Whether you’re just recently in love, or have been with your partner for quite some time, it’s never a bad idea to get to know them on new levels — and maybe start a meaningful conversation — through psychological tests. The Myers-Briggs Type Indicator (MBTI) often comes to mind when we think about measuring personalities, but there are actually many more tests out there, formal and informal, which you can explore and use to better understand each other.
Developed in 2014, this rather fun questionnaire is meant to educate and help you discover what “kinks” you have.
BDSM refers to consensual erotic practices or roleplaying that encompass bondage, discipline, dominance and submission, sadomasochism, as well as other “deviant” dynamics. This test is supposed to reveal the extent to which you identify with certain BDSM “archetypes”, such as “Vanilla”, “Switch”, “Experimentalist”, and so on; explanations for these terms can be found on the website.
You should be above 18 years old to take this test. You can either take it anonymously, or under an account that helps track how your preferences change over time. The full test is pretty long, taking about 15 to 30 minutes to complete, but you can also opt for a shorter version. Note that questions may be personalized depending on the individual’s previous responses.
Although not a formal measure of personality, the BDSM test can definitely shed some light on what sexual preferences you and your partner might have. So if you’re curious on that front, this is the test for you.
The Attachment Theory was formulated by psychologists such as John Bowlby and Mary Ainsworth in as early as the 1950s. This theory initially investigated how young children’s relationship with their primary caretakers influences future social and emotional development.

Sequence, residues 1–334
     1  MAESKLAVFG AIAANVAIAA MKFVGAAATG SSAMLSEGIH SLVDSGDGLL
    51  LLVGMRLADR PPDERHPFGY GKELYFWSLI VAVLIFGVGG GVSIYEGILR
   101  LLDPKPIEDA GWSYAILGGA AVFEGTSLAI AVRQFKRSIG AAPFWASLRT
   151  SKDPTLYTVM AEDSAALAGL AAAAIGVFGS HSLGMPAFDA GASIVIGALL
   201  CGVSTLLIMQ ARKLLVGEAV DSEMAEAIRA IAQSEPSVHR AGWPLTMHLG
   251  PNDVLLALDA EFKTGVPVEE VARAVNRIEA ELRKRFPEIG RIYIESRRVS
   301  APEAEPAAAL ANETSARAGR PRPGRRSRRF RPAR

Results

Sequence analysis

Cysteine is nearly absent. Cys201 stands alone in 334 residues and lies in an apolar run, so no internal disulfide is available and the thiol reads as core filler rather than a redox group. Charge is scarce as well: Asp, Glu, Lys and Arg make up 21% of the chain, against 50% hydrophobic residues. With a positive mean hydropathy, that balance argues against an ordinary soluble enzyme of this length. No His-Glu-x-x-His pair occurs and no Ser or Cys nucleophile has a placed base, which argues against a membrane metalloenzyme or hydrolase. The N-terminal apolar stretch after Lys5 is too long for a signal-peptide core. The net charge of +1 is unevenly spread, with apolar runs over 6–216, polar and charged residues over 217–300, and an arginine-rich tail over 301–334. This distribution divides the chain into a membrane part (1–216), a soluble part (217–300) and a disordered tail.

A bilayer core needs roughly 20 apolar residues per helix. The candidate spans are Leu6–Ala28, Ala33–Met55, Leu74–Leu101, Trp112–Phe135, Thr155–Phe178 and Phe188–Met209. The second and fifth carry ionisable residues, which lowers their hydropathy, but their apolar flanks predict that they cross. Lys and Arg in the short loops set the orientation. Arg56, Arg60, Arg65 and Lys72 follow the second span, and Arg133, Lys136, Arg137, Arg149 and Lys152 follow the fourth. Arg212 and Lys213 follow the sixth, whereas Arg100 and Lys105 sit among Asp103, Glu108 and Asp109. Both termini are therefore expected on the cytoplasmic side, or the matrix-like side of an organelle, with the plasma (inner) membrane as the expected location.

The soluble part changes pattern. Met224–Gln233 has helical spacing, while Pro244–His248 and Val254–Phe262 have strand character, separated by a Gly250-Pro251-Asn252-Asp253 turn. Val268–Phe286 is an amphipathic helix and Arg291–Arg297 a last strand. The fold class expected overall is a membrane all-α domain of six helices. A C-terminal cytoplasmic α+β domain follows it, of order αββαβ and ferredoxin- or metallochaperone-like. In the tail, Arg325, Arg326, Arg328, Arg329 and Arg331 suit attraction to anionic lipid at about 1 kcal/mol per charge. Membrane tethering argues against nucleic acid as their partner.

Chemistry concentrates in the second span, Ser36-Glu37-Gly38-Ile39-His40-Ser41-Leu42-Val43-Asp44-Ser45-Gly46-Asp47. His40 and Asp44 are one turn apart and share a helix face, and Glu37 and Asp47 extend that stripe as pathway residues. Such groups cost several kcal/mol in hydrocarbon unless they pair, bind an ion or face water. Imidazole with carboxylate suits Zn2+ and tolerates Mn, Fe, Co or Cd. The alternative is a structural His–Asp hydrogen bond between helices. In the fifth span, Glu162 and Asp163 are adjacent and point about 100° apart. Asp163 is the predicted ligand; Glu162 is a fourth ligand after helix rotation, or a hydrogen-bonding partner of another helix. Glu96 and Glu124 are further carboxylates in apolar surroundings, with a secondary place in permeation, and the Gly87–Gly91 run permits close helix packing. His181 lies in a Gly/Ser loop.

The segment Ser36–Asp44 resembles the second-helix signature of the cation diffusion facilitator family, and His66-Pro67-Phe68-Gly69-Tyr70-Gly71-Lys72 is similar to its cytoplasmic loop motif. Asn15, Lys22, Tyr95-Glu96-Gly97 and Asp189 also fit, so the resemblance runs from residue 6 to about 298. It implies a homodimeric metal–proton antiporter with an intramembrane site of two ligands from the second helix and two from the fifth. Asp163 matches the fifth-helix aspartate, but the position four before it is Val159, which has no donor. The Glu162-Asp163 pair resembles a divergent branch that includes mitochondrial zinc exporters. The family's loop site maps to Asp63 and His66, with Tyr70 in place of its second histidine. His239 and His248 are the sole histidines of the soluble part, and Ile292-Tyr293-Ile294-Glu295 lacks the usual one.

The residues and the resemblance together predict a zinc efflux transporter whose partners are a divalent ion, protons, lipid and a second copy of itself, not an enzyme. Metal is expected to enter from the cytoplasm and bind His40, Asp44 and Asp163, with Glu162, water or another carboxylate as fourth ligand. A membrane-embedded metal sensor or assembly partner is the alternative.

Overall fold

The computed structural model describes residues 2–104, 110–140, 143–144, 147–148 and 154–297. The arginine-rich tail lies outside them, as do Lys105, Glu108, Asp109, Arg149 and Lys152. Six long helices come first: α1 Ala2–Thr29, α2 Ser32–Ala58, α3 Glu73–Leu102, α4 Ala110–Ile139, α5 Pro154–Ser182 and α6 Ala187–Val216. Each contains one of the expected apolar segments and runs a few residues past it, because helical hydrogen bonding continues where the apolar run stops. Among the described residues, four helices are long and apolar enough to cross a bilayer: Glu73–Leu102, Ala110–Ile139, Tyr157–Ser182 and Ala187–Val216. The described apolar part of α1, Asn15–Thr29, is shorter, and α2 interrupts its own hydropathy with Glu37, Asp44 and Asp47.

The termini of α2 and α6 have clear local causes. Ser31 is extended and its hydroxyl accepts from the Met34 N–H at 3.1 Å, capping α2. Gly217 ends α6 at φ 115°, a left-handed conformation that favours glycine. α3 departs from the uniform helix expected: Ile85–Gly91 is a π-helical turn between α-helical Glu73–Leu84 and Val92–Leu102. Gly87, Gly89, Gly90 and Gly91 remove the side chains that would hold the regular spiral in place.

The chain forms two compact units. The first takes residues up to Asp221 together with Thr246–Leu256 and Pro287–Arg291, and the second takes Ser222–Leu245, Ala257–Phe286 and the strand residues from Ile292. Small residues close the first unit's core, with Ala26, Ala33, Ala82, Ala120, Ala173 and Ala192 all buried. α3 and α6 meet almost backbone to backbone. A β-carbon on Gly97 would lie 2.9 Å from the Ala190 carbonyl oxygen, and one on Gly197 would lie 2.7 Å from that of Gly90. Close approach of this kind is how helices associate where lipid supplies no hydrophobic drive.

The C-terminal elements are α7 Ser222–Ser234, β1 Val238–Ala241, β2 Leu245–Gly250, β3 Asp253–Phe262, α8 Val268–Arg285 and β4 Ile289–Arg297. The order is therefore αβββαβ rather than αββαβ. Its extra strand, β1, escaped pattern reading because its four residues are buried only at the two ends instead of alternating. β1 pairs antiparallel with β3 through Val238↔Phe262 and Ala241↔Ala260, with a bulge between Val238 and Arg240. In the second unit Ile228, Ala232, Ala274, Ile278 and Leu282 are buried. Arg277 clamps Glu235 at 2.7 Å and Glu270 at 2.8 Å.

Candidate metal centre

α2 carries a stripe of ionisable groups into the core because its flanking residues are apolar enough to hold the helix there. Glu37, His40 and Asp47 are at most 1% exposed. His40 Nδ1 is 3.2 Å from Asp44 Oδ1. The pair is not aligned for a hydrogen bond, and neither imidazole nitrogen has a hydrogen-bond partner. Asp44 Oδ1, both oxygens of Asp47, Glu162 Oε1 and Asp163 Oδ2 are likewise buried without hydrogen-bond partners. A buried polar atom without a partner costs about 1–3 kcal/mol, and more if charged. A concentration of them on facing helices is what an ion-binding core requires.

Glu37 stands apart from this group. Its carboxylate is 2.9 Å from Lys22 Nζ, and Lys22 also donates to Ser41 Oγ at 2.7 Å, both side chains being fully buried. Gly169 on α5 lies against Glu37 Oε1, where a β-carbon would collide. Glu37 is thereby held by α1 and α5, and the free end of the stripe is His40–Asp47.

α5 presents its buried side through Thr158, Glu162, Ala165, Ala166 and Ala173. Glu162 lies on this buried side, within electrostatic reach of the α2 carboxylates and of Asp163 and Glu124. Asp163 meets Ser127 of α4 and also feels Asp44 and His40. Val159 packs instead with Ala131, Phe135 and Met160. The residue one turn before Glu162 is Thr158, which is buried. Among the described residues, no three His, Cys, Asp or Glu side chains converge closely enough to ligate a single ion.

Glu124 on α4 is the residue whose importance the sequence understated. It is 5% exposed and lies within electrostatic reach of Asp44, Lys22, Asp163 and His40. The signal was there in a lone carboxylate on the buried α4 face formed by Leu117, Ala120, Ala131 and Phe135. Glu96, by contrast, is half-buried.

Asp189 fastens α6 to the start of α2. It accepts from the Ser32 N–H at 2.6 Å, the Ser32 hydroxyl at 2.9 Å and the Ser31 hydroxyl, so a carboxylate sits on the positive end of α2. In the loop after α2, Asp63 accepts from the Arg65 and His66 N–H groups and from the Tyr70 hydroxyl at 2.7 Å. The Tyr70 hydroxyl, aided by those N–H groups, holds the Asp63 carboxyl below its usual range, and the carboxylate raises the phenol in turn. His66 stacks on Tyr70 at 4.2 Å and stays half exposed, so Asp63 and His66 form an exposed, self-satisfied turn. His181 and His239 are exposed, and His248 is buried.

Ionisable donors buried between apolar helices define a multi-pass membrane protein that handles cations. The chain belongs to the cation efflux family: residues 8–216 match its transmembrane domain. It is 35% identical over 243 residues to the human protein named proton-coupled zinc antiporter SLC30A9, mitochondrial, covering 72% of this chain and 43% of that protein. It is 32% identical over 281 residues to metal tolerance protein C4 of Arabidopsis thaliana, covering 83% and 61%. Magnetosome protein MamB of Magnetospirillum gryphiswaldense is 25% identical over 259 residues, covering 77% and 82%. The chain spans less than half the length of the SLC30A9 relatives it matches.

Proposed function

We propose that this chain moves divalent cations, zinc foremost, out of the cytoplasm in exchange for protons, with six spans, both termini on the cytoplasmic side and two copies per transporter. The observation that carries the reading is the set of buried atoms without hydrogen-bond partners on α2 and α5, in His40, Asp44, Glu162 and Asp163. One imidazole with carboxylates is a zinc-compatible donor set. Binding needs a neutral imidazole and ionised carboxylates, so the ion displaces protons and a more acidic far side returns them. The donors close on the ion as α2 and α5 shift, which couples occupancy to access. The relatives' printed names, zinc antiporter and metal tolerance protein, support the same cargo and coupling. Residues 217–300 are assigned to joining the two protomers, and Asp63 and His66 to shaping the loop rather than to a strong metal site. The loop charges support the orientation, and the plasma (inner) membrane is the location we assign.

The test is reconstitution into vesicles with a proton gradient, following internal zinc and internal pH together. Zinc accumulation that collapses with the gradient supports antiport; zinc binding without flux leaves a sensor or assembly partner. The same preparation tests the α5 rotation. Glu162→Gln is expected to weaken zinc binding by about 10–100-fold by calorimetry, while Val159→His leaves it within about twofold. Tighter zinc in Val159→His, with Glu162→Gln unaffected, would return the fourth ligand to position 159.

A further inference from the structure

Based on Ainsworth’s famous “Strange Situations” experiments in 1965, in which infants are exposed to strangers alone before reuniting with their caretakers, several attachment styles were identified: secure attachment, insecure-ambivalent attachment, insecure-avoidant attachment, and disorganised/disoriented attachment.
Subsequently, this theory has been adapted to adult romantic relationships, and the four major attachment styles were labelled as: secure, anxious-preoccupied, dismissive-avoidant and fearful-avoidant. (There are variations to these categorisations and labels.)
Knowing you and your partner’s attachment style can help you navigate each other’s communicative and emotional needs. For example, someone with an anxious-preoccupied attachment style may want high levels of responsiveness and reassurance from their significant other, while a dismissive-avoidant person might have a greater need for independence or tend to distance themselves in the face of conflicts.
There is an assortment of quizzes to test for your attachment style, normally taking less than 10 minutes to complete. However, it’s important to keep in mind that early childhood attachment does not determine your adult attachment style; nor does everyone’s attachment style stay the same throughout their lives. So while this test can provide you with the opportunity to work out how you and your partner can adapt to each other’s needs, don’t forget that one can always learn to cultivate a secure attachment style over time too.
In Gary Chapman’s 1992 book The Five Love Languages: How to Express Heartfelt Commitment to Your Mate, he outlined five main “love languages” — ways in which people express and experience love. These are: words of affirmation, quality time, giving gifts, acts of service, and physical touch.